Sunday, January 27, 2008

covering the $495 spread

been an interesting week. monday was a holiday but tuesday marked the day inspectors for our new roasterie would start descending on our humble operational headquarters. in all, there were six division inspectors who would need to give their john hancocks saying we were good to go: building, mechanical, health (food), fire, electrical and plumbing. no problems, i figured. i'm sure we won't be 100% in the clear; but we should have at least enough stuff done to merit at least a provisional okay. plus, i'm articulate enough to snow my way through the rest of what we may lack. and that's pretty much how it went down. but not before long stretches of boredom and doubt. everyone was supposed to show up on tuesday. but oh yeah, these are bureaucrats. nothing happens on time or according to plan. and we pay them several hundred dollars for the privilege.

first, let me say that inspectors are worse than the cable guy. we always thought the four hour window of arrival the cable guy gave was bad. these inspectors say you have to be there between 7:45am-4:30pm. no clue when they might arrive. and you'd better be there. if you are gone for a quick lunch and they show...toast. if they arrive before you in the morning, God help you. and calling them is no help because they never return their voicemails. now, normally all this wouldn't be so bad. i have stuff to roast and ship and there's still plenty more to arrange in our new space. except for the bottom sentence on the envelope they give you to hold all your inspection paperwork which reads: "It is unlawful to occupy the premises until all inspections have been cleared." i got really hung up on the meaning of the word "occupy." did that mean we couldn't have any of our stuff in there, even if it was practically all in piles (which it was)? did it mean we just couldn't be up and running, making money at what we do? could i fire up the roaster and service my wholesale accounts? would the smell of roasted coffee tip them off that we had already jumped the gun? what would my lie, er, excuse be for the smell? would they believe that the place had already been freshly painted before i got in there? i decided to keep everything in a sort of working funk, stuff piled in corners or under other junk that i knew i could use but that looked, to the casual, non-coffee-industry observer, just like a pile of stuff. functional disarray, i called it. if we jumped the gun, or looked as though we were jumping the gun, no soap. back to square one.

i was really concerned about this issue and worried they would find my level of moved-inness to be illegal, thus voiding my application and sending me to said square one. i was worried, alright...that is, until the first inspector showed up. six hours into my wait, mind you. his visit took all of four minutes and was a breezy pass. my first one down. after that i could breathe a little easier, having suddenly remembered an age-old truism: bureaucrats simply don't give a hoot. they don't care whether or in what stage i am "occupying" the premises. honestly, i doubt half of them cared at all whether i called for inspections or not.

at the end of day one i had three inspections down and three to go. electric gave me a provisional green light, granted i got some minor stuff switched around. the building inspector literally spent all of 45 seconds in the place, asked what other inspectors had already shown up, said, "you're looking good here," and signed off. it was the final visit of the day that got me a little riled. the mechanical division inspector showed up, made a bee line toward the vertical ventilation stack for the roaster(s) and began rubbing his thumb and index fingers on his chin in that quizzical way. after about 30 seconds of that he said only, "um, no." to which i said, "um, no, what, sir?" to which he said, "where did you get this?"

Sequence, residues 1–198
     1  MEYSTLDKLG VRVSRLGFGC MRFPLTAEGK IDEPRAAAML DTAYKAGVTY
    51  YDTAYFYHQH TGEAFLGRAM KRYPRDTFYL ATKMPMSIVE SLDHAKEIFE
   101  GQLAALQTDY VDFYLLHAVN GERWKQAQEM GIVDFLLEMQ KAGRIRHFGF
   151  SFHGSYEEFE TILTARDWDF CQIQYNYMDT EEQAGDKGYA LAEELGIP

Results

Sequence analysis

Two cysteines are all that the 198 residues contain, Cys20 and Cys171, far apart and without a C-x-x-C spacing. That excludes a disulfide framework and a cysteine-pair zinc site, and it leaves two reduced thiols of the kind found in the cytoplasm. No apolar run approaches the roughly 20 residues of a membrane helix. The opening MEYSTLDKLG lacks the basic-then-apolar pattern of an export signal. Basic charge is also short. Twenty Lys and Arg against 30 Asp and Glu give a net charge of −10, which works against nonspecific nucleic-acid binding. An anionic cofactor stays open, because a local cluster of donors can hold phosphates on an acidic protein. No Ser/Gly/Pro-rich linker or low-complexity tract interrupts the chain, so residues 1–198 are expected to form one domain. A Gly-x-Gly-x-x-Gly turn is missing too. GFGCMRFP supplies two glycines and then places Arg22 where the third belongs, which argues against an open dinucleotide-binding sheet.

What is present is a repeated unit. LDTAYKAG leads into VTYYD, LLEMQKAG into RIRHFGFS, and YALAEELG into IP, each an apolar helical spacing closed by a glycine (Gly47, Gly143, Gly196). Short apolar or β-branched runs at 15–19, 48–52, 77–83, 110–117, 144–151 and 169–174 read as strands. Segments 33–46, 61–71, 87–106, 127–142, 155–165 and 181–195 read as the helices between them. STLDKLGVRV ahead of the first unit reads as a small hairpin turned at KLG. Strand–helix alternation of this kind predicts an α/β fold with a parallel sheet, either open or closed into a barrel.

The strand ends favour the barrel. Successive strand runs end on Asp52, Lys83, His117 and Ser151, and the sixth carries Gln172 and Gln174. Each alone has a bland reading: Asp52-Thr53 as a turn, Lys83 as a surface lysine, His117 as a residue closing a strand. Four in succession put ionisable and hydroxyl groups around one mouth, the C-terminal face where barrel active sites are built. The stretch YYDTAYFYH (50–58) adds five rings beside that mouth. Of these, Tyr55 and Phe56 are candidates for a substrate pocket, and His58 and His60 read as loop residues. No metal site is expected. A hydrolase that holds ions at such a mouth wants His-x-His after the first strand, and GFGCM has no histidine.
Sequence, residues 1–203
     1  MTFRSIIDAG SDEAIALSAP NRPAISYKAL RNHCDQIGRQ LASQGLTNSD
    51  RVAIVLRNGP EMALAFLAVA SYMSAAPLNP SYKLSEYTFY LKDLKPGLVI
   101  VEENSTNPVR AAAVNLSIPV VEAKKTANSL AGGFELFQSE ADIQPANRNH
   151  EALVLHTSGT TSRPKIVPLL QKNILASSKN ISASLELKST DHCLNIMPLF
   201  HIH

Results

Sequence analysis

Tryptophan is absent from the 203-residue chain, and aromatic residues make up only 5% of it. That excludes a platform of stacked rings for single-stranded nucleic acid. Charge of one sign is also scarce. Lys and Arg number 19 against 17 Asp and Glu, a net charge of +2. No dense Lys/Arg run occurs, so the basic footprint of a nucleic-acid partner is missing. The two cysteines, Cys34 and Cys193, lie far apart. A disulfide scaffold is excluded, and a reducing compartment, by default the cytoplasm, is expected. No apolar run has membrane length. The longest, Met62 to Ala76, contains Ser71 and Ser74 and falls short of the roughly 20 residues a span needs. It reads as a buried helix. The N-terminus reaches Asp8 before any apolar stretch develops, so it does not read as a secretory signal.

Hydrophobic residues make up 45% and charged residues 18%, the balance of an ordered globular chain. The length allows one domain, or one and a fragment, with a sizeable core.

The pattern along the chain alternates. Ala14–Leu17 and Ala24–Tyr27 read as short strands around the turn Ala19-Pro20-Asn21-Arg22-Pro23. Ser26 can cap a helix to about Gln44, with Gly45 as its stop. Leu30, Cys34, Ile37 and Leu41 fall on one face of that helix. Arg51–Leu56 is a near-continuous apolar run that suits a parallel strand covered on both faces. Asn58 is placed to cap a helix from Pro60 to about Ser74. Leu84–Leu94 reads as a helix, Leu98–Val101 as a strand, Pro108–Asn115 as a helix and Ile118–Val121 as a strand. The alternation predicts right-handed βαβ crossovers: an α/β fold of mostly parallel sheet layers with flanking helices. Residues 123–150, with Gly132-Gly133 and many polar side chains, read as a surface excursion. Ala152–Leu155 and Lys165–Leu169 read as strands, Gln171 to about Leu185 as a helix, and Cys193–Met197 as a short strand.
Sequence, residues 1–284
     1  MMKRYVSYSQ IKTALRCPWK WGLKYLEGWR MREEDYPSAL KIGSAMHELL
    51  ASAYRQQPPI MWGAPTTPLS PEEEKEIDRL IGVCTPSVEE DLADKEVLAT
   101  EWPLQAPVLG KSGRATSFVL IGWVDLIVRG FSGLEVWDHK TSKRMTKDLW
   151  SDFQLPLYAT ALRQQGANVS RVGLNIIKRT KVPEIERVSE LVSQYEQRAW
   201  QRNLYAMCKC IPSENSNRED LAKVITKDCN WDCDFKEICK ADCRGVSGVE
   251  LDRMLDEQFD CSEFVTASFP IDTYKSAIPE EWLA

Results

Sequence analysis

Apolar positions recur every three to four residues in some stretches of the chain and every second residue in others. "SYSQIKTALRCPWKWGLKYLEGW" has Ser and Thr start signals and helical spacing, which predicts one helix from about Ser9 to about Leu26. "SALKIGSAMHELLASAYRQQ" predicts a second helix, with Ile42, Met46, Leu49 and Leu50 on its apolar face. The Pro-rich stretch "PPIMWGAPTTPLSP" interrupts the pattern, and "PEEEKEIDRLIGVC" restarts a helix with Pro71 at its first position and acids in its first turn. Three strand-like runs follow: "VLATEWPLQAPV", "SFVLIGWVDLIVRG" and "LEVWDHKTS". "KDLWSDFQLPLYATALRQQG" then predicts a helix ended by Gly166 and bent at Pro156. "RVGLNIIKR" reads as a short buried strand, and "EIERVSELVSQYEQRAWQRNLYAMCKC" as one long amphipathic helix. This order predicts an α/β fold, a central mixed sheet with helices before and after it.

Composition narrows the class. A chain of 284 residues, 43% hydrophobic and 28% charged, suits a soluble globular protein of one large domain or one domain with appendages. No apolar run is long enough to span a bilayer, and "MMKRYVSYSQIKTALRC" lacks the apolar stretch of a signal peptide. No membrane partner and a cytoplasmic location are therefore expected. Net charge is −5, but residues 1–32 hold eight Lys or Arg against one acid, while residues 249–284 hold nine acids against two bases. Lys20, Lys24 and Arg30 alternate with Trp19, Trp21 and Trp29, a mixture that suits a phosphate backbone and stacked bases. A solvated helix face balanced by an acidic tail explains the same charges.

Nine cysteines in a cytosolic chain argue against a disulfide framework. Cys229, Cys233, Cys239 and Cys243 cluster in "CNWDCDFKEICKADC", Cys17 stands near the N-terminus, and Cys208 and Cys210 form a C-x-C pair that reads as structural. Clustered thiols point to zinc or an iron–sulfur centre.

me: i built it.
he: you did?
me: well, yeah. me and my father in law.
he: how?
me: well, with this 4" and 8" double wall ducting, those braces holding the ducting to the rafters, that aluminum tape, that flashing and those screws holding said flashing to the roof and the rain guard up top of it."
he: how does it work?
me: (i explain some of the technical aspects of the roasting and ventilation process)
he: um, no.
me: um, no, what, sir?
he: well, you gotta have a licensed and bonded contractor build that for you.
me: why? it works. why should i pay someone else to do what i can do for free?
he: where are the specs?
me: what specs?
he: the specs from the roaster.
me: what specs from the roaster?
he: the specs telling you how to build this thing. i can't sign off on this unless i see the roaster manufacturer's specs saying this layout isn't gonna burn the whole building down.
me: no disrespect sir, but isn't that the fire marshal's call?
he: well, i still need the okay from the roaster manufacturer.
me: i...don't think the roaster manufacturer is in the business of doing ventilation specs. they do roasters, not ventilation systems.
he: i can't pass this, then.
me: then what am i supposed to do?
he: get the specs from the roaster saying it's okay to build it this way.
me:, well, would it help you if i just turn on the roaster and show you how it works?
he: no.
me: well then can i just call my roaster manufacturer now and get him on the phone so he can tell you we're okay?
he: no. i need to see the specs.

...and so it went for another couple minutes of back and forth. city bureaucrats. cannot see beyond the specs. no forest for the trees. seriously. stop to think for a minute and take a look at it and realize that it is probably the best darned built, most solid thing you've seen all day, dude. and realize that you probably see a bunch of crap-built stuff by so very many "licensed and bonded contractors." and stop once more to realize that all you really need to do is step out of the theoretical world of covering your a** and step into the world of a) turn it on; b) examine whether it does what we say it does and c) it poses no threat to anyone/anything because it's very simple, basic and safe technology; and you'll be just fine. but no. he needs. to see. the specs. now...i realize that this is for my own protection and whatnot, yada yada yada. but seriously. what is it that is so magical about having to pay a contractor? you will only pay more and have it done less well and then have to pay them again in six months to fix what they only should've done right the first time.